Photo Credit: Thomas Rowe

The  will be HAPPY ANNIVERSARY’s fourth selection after appearances at Fright Night Film Fest, Eat Our Shorts and the Industry BOOST Competition, where Kuczewski’s film made it to the final.


Back in September 2016, when asked what his plans were for his graduation film ZAIRE after its appearance at the Austin film Festival, filmmaker Joshua Benson said "Ultimately, it would be great to screen under the watch of the old Union Jack at some point and bring the film back home to London where the project started.” 

Photo Credit: Alex Grigoras

No less than 4 months later, Benson’s wish will be realised when his short is screened at January’s LSFF.  In ZAIRE, two scientists operate a base on a remote planet with the goal of jump-starting an ecosystem. Success remains frustratingly out of reach and their claustrophobic existence requires constant exertion to simply stay alive. Zaire is desperate to succeed, but has to face the looming prospect of failure. At breaking point, he finds a moment of solace in the scale and beauty of the wider universe.


The only film on this list to be co-directed, CHANDRA is the result of South Korea’s Busan International Film Festival and Youku, the largest Chinese video hosting website.  LFS MA Filmmaking graduate Fateme Ahmadi met Asmita Shrish on the 2013 LFS Artists' Filmmaking Workshop led by celebrated artist filmmaker Shirin Neshat and co-directed the short together, under the supervision of award-winning Director/Writer Naomi Kawase.

7 year old Chandra and his elderly grandfather have to travel on foot through earhtquake-hit Kathmandu in order to get to hospital, where Chandra’s mother has just given birth.  Chandra is oblivious to the scenes of misery on the street, and is fascinated by the many curious and beautiful sights, and excited about meeting this new sibling.  His grandfather, who knows the sheer scope of the destruction, attempts to protect Chandra from the grim reality, while gradually coming to terms with the fact that the hospital may not even be standing.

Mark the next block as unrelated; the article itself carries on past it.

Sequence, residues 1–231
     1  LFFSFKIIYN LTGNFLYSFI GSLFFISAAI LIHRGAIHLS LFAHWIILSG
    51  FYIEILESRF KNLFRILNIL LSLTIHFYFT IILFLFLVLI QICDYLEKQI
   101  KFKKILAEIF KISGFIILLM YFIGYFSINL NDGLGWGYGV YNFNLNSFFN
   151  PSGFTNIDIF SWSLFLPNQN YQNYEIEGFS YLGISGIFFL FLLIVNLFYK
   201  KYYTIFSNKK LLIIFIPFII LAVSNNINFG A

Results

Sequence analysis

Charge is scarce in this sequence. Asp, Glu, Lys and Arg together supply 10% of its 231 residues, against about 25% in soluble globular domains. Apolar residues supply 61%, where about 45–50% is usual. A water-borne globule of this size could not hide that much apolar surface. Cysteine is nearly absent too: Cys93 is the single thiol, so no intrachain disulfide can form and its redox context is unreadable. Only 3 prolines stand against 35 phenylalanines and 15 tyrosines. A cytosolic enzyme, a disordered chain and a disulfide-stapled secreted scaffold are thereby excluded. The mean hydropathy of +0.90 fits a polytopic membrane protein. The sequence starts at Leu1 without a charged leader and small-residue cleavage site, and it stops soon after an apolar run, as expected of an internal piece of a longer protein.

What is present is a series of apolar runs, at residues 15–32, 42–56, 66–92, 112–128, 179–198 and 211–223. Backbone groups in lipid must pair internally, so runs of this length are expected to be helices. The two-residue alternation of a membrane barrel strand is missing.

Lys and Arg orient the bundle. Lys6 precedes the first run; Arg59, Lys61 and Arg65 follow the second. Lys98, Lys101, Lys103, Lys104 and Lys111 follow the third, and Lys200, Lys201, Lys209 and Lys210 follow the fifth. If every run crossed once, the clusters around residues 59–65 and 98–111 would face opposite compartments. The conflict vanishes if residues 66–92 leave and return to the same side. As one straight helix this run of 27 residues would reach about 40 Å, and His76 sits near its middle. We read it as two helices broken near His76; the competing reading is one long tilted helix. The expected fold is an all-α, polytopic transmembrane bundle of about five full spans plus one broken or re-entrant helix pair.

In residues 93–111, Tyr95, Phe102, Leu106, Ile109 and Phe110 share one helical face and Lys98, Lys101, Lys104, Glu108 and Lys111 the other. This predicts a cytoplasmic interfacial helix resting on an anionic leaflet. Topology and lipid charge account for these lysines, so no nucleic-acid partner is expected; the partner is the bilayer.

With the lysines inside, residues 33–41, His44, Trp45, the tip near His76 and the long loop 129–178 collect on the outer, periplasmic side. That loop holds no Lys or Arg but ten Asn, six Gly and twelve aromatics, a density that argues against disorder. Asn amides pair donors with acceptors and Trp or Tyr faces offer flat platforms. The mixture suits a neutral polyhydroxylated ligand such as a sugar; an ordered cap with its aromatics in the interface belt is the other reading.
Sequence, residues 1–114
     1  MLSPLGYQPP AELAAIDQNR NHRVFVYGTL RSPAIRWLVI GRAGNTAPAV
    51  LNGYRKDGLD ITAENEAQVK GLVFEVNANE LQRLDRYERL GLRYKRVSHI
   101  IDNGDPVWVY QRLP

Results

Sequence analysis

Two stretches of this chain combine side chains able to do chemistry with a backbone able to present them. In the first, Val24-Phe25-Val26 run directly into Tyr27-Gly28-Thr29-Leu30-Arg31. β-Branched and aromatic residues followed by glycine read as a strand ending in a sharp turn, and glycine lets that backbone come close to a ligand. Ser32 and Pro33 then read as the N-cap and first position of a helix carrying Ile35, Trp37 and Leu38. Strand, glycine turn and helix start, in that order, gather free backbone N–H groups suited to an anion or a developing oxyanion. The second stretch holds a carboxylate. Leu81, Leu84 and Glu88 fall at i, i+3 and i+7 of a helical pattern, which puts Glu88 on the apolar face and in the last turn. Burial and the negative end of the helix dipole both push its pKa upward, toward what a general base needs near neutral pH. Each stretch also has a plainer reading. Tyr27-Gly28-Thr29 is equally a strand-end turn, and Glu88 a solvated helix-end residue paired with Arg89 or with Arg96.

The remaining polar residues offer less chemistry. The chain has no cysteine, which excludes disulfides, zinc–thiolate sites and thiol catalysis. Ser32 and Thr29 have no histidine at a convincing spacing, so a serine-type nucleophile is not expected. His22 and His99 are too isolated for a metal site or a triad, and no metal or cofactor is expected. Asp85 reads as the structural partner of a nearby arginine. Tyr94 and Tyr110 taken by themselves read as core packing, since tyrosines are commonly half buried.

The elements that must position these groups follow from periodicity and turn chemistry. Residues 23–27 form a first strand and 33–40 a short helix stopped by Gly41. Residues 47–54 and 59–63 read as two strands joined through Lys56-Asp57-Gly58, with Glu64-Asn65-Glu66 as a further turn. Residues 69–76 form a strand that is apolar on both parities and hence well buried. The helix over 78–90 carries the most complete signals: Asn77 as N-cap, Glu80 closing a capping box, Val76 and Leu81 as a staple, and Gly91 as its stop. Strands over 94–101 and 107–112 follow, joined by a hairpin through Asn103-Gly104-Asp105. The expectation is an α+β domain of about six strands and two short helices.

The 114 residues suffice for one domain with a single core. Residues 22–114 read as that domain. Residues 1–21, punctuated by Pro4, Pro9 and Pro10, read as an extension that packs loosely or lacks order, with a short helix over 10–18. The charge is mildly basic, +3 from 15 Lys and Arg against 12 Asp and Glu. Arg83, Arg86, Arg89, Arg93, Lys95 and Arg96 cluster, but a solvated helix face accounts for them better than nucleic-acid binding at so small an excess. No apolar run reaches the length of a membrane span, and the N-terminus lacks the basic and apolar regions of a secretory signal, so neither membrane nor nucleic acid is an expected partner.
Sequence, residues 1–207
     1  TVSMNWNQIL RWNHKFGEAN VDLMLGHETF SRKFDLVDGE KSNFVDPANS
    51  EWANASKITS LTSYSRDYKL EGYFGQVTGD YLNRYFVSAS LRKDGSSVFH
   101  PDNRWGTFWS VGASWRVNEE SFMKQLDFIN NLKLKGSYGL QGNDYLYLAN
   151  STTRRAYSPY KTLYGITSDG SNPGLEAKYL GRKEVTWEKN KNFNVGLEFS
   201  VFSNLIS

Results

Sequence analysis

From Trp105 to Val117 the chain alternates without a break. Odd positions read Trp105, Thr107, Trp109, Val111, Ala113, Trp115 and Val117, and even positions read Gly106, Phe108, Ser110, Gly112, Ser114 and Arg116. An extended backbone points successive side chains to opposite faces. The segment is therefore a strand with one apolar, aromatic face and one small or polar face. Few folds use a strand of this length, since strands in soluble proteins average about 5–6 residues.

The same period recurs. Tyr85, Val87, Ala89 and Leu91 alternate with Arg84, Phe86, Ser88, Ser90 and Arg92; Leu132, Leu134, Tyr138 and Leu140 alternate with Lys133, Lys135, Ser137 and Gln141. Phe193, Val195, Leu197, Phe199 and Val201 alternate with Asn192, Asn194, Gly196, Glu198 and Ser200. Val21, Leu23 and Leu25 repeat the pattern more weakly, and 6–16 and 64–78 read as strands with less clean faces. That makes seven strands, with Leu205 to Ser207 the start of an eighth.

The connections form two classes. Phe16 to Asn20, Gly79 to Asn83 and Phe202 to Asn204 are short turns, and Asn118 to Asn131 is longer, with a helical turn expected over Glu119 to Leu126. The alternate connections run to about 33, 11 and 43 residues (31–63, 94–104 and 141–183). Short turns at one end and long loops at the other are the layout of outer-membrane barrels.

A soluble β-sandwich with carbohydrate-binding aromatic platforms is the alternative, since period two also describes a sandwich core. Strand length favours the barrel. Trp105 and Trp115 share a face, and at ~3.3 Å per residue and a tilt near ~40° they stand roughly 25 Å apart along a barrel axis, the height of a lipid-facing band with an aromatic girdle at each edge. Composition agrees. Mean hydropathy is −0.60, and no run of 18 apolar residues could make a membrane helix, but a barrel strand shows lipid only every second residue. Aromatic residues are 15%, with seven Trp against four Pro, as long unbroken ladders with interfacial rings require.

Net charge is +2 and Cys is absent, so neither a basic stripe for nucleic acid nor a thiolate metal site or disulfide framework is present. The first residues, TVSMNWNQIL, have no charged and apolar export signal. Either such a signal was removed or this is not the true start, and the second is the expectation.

After it’s screening at the LSFF, CHANDRA will go on to the 15th Dhaka International Film Festival to make it’s 16th appearance at a film festival since October 2015.  During this impressive run, the film received nominations for the Best Short Fiction at the 30th Fribourg Film Festival, the Golden Egg at the 12th Reykjavik International Film Festival and a Special Jury Mention in the SHORT OF THE YEAR - SUMMER at Promofest.


One person who will definitely be having a busy LSFF is Dornaz Hajiha, having had two films accepted into the film festival.  The first of these is her graduation film, MARZIYEH, playing at the ICA on Sunday 15th January.  Screening in the second part of the SHORT LONGES category, where audience members are invited to meet the filmmakers involved in the longer-form short film, Marziyeh goes to a wake with her husband where something happens that changes their relationship.

Screening a week earlier at Hackney Picturehouse on Sunday 8th January will be Hajiha’s MARLON.  Appearing in the BOYHOOD category, in which testosterone-fuelled dramas tackle bullying angst and coming of age, Marlon’s mum takes the 10 year old boy to an audition.  Unfortunately, it seems that it’s not the thing he wants to do.  The film has a strong LFS contingent, with Tayub Hussain as Director of Photography, Arash Ashtiani as Assistant Director, Sebastian Lojo as Assistant Camera Operator and Murtaza Shah as Sound Recordist.

Photo Credit: Tayub Hussain


OCEAN WITHIN is Prerna Winter's graduation film, will screen at the 'Women Under the Influence' collection, on 7th January 2017 at Hackney Picturehouse. Additionally, the film is also nominated for Best Student Short Film and Best Female Director.

Click here for a full list of the LSFF’s 2017 New Shorts programme with further scheduling information and details on how to purchase tickets to check out the best in filmmaker talent.

Written by Ben Corbett